What makes the words which are found within the sixth chapter so incredibly unique and powerful is when you consider them in light of the words which are found in the previous chapter. It is in the fifth chapter where Jesus instructs to not resist evil, and if one would smite us on the one cheek we were to offer and turn unto them our other cheek. Jesus would go on to instruct and invite His disciples and followers to offer their cloak to those who would sue them at the law and take their coat, as well as going the extra mile with those who asked of them to go one mile. Not only this, but Jesus would also instruct and invite His disciples and followers to bless those who cursed them, to do good to those who hated them, and to pray for those who persecuted and despitefully used them. Even with all of this being said we must needs realize and understand that Jesus wasn’t done with these types of instructions and invitations, for earlier on He would instruct us to rejoice and be exceeding glad when men revile us, when men persecute us, and when men shall say all manner of evil against us for His sake. Oh please don’t miss just how incredibly important these words truly are, for these words are intrinsically connected to the words which are found in the sixth chapter, for not only in the prayer our Lord taught His disciples to prayer unto the Father which is in heaven, but also in His statement after Jesus instructed us to forgive those who have trespassed against us. Perhaps that which is the most challenging and difficult to bear when considering the words which Jesus spoke concerning forgiveness is that He never defined, nor did He ever reveal what the trespasses were. Nowhere in the Lord’s prayer, nor even in the words He spoke after will you find Jesus defining what those trespasses were which were committed against us, and thus He leaves it open-ended to encompass a multitude of trespasses—perhaps even a multitude of evil as the apostle Paul wrote about when speaking of love. Oh I would dare say that not only does love cover a multitude of evil, but so also forgiveness covers a multitude of trespasses. With this being said, it is absolutely necessary and imperative that we recognize and understand that nowhere in Scripture were we given the right, nor the permission to pick and choose which transgressions and which trespasses we are willing to forgive and which ones we were going to hold against others.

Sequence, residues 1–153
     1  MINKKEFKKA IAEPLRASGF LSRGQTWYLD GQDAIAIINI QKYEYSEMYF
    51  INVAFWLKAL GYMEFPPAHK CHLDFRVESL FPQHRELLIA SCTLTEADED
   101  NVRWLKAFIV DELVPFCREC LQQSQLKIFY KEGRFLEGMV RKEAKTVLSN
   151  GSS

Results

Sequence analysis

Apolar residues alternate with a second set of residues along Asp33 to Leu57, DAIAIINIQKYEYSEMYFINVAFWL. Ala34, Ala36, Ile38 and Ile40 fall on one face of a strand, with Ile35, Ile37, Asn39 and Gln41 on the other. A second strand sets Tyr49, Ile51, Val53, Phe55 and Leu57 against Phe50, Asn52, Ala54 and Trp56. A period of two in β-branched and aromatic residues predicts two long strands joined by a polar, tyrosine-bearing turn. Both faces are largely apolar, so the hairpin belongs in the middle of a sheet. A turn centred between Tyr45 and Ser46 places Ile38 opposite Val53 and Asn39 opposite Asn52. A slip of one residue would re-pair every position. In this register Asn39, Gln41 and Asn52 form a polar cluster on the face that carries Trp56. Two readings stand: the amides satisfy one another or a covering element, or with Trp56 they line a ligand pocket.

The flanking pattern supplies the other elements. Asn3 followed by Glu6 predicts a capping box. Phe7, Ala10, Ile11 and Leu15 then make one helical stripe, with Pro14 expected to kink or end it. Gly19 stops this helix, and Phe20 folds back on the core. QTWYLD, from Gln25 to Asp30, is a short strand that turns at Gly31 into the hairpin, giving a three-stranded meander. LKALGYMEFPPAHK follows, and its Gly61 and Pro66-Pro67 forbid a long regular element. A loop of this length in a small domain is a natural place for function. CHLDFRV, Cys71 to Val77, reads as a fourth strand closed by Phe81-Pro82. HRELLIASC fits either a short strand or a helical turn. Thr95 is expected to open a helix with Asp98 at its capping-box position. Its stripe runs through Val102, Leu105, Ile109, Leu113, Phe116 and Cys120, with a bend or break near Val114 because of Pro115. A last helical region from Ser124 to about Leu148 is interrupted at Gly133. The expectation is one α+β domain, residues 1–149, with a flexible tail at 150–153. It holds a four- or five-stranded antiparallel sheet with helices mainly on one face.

LIVE YOUR LIFE FORGIVEN AND FORGIVING! LIVE YOUR LIFE FREE AND ABSENT FROM GRUDGES! LIVE YOUR LIFE FREE AND ABSENT FROM OFFENSES! LIVE YOUR LIFE FREE AND ABSENT FROM BITTERNESS! LIVE YOUR LIFE FREE AND ABSENT OF RESENTMENT! Oh as I am writing these words I can’t help but think about how absolutely incredible and tremendous it would be to live my life completely and utterly absent any grudges and offenses. Pause for a moment and think about what your life would be like if you could live completely and utterly free from any type of grudge and any type of offense which you might be tempted to hold within your heart. Stop and think about what your life would be like if you were not only forgiven by your Father which was in heaven, but also were able to forgive others the trespasses they committed against you. Not only this, but just think about what your life would indeed be like if you could literally forgive anyone for anything they committed against you. Permit yourself to think about what your life would be like if there was no limit, nor any boundary to your measure and degree of forgiveness, and if you were able to forgive anyone of anything they have committed against you. Permit me to be so bold right now and ask you whether or not you believe you are able to forgive anyone of anything they have committed against you. Do you believe you are able to have unspeakable evils and atrocities committed against you, and yet you are able to forgive each and every trespass and sin which was committed against you? Do you think for one moment that others can commit great offenses against you—perhaps even greatly wrong you—and you are able to forgive them? Do you believe you have it within your heart to be able to forgive anyone of anything they have committed against you—regardless of how severe and how overwhelming it might be within your life? Do you believe that anyone could do anything to you, and instead of harboring a grudge and giving yourself to bitterness you can forgive, and release, and truly let go? Do you have it within you, and are you spiritually mature enough to forgive anyone of anything they have committed against you—perhaps even knowing they might commit the very same thing against you again?